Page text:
a, Comparison of viral load and the lys-3 and sdz-6 mRNA expression after two days of infection by qRT-PCR, strains as indicated. Dots: independent infection. Samples as in Fig. 3d,e. b, Representative confocal sections (10 × or 20 × magnification, as specified) of the viral stress sensor in wild type and drh-1 mutants without infection. The viral stress sensor exhibited constitutive activity in uninfected individuals, which was restricted to specific tissues. GFP was observed at all developmental stages in the pharynx and the rectum of hermaphrodites. Additionally, hermaphrodites at the L4 larval stage would show a strong GFP signal around the vulva and gravid adults exhibited the GFP in the uterine lumen. In males, GFP was observed in the pharynx and the tail. GFP expression was comparable in wild type and drh-1 mutants and independent of viral infection. Thus, the gene lys-3 is constitutively active in tissues neighboring openings exposed to the environment, the most likely entry points of potential bacterial pathogens. c, Representative confocal sections (20 × magnification) of young adults (strains as indicated) carrying the viral stress sensor. Animals were uninfected (mock) or infected with OrV for four days. The viral stress sensor was strongly induced in the intestine after infection of drh-1 mutants, which is in agreement with the tropism of OrV. Intestinal GFP was most often visible around the collar of the nematodes, in the anterior region of the intestine in young adults. Some infected individuals exhibited a strong GFP signal throughout their entire body (data not shown), suggesting that the induction of the viral stress sensor can spread from cell to cell, like an inflammation process. The viral stress sensor offers an opportunity to easily monitor viral infections in living animals. Source data

  2. Supplementary Figure 2 A cde-1-deletion allele does not complement the screen isolate ovid-9.

    a, Workflow of cde-1/ovid-9 (mj414) × cde-1 (tm1021) F8 recombinant family generation. A similar strategy was used to construct the cde-1 (mj414) × drh-1 (ok3495) F8 recombinant families. All animals were homozygous for the viral stress sensor (mjIs228). b-c, Number of families that activated the viral stress sensor in more than 20% of individuals after four days of infection with OrV. Approximately 50 individuals scored per family. Bars: number of families meeting criteria as indicated. Source data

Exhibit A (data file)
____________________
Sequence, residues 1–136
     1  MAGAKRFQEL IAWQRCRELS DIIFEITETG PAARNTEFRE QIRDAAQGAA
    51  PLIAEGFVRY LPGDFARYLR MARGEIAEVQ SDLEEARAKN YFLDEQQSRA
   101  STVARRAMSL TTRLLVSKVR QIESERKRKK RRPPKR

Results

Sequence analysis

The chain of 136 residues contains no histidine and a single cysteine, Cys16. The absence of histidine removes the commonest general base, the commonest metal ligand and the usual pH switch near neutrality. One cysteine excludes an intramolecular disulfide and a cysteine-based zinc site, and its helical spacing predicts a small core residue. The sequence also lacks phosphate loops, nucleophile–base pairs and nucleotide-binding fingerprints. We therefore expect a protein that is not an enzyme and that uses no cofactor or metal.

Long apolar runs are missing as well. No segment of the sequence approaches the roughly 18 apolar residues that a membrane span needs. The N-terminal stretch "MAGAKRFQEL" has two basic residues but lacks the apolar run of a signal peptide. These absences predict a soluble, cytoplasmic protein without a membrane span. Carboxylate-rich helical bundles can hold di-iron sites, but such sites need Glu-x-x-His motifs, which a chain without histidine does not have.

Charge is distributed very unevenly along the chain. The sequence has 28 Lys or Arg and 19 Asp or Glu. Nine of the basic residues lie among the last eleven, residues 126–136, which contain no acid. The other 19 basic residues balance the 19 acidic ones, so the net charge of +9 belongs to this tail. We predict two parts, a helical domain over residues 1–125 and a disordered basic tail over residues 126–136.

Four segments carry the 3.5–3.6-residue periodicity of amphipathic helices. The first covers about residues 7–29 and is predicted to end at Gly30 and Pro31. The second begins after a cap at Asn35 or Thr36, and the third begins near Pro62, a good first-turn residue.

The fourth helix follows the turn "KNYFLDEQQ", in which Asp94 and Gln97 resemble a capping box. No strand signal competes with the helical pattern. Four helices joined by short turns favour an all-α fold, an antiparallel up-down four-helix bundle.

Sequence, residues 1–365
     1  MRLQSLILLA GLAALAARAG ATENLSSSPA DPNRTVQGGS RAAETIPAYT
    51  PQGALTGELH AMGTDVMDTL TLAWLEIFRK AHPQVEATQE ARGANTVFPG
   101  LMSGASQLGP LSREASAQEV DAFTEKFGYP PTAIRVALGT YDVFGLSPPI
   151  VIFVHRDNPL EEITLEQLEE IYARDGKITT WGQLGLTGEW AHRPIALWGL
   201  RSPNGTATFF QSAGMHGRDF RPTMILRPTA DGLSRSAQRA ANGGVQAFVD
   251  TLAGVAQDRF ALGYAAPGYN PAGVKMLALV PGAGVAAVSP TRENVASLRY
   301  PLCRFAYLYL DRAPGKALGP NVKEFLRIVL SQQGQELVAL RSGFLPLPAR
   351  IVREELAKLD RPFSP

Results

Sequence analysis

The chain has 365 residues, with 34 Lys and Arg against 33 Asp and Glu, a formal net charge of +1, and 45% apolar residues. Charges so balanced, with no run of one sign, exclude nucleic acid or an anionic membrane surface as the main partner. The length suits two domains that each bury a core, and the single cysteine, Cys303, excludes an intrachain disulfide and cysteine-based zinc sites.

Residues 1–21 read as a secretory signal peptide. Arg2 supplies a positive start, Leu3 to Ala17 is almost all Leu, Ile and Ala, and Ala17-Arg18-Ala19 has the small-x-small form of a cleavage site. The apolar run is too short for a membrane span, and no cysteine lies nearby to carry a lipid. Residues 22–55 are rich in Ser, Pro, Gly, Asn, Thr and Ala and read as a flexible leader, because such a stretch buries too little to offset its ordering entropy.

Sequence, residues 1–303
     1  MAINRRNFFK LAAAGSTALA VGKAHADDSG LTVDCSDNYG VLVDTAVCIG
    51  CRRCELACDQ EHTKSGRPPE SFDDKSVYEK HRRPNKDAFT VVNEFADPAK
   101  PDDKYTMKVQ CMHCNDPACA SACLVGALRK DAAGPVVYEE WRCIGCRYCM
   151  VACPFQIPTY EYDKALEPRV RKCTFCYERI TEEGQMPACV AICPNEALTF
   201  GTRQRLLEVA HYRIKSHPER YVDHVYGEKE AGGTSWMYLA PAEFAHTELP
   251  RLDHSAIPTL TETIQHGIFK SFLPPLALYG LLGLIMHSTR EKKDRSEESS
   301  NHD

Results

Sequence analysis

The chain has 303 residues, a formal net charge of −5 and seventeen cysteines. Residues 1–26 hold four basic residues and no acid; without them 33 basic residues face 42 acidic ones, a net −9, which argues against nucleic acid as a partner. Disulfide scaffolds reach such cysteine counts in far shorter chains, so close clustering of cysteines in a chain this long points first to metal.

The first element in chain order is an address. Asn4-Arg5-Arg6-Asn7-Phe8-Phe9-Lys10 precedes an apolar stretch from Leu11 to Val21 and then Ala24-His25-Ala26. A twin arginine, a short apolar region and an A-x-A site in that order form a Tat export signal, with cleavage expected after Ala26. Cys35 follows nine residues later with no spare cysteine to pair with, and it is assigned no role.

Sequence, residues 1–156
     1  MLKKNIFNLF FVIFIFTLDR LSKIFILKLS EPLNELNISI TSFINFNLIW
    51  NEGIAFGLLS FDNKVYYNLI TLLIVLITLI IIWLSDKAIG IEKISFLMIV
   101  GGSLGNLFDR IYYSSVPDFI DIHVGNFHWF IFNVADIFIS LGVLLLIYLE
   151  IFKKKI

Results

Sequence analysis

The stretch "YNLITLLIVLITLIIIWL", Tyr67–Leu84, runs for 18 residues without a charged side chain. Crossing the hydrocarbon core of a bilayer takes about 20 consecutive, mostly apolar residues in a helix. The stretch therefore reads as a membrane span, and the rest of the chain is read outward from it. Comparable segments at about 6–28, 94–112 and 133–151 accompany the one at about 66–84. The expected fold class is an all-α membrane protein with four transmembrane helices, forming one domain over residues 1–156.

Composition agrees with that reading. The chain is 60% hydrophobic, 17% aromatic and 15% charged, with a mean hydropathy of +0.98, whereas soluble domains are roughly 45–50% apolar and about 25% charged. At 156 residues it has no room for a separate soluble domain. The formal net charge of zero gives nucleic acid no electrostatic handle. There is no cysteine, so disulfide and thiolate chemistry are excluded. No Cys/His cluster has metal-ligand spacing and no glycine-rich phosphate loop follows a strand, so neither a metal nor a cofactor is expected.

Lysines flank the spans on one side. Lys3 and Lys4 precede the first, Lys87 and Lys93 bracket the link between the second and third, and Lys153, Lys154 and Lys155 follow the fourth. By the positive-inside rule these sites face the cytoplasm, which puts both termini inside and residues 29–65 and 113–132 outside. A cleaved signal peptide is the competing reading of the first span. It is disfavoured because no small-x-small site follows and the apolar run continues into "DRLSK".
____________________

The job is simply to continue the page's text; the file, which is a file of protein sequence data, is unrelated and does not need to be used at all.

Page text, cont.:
3. Supplementary Figure 3 cde-1 mutants show horizontal transmission of OrV infection.

    Workflow and data monitoring the inter-individual transmission of OrV infection (in strains as indicated) using the viral stress sensor. Source data

  4. Supplementary Figure 4 Intestinal expression of cde-1 confers antiviral immunity.

    a, Representative confocal sections (20 × magnification) of OrV in vivo RNA FISH. b, Representative confocal section (10 × magnification) of a C. elegans L4 larva expressing cde-1::GFP. As two previous reports disagreed about the expression pattern of CDE-1 (Olsen, A. et al. Science 312, 1381–1385, 2006; van Wolfswinkel, J. C. et al. Cell 139, 135–148, 2009), we used fosmid-recombineering to generate transgenic animals driving GFP expression from an endogenous genomic context. c, Diagram of the cde-1 rescue transgene, using the intestine-specific promoter of the gene vha-6. This transgene was injected in cde-1 null mutants. d, Viral load as measured by qRT-PCR of OrV RNA1 genome in adults two days after infection. Bars: average value; error: SEM; five independent infections. One-tailed student’s t-test: *** p < 0.001, **p < 0.01. e, Incidence of male in the progeny of hermaphrodites left to self-fertilize at 25 °C, in strains as indicated. Source data

  5. Supplementary Figure 5 CDE-1 is not required for general miRNA homeostasis.

    a, Non-templated nucleotides at the 3ʹ end of the different classes of endogenous and antiviral small RNAs as indicated. RNA was isolated from young adults after two days of infection with OrV. b, miRNA expression in cde-1 (tm1021) mutants as compared to wild type, samples as in a. Dots: individual miRNA; reads per million averaging two independent C. elegans culture plates. c, piRNAs and endogenous 22G-RNAs abundance in cde-1 (tm1021) mutants as compared to wild type, normalised to library size. Dots: independent C. elegans culture plate. Samples as in a.

  6. Supplementary Figure 6 CDE-1-depleted animals show high expression of stress-response genes during OrV infection.

    a, Fold change in the length of poly(A) tails (measured by TAIL-seq) in cde-1 mutants compared to wild type. RNA was isolated from young adults after two days of OrV infection. Turkey boxplot. b, Differential mRNA expression in cde-1 (tm1021) compared to wild type, two days of OrV infection (mRNA-seq). Turkey boxplot; dots: outliers.

  7. Supplementary Figure 7 The 3′ end of the OrV genome contains CDE-1-dependent nontemplated U tails.

    a, Simplified workflow of 3ʹ RACE-seq of OrV RNA1 and OrV RNA2. b-c, Comparison between the viral load and the fraction of non-templated mono(U) tails at the 3ʹ end of OrV RNA1 and OrV RNA2, respectively, in strains as indicated. Dots: independent infection. Samples as in Figs. 3d,e and 4e. Source data

  8. Supplementary Figure 8 The terminal uridylyltransferases TUT4(7) restrict IAV infection.

    a, Protein level of the IAV NP measured by immunofluorescence (FACS). Error: SEM in three independent infections. b, Level of expression of the IAV NP mRNA normalized to Gapdh in MEF cells of different genotypes as indicated. Bars: average value; error: SEM; three independent infections. Source data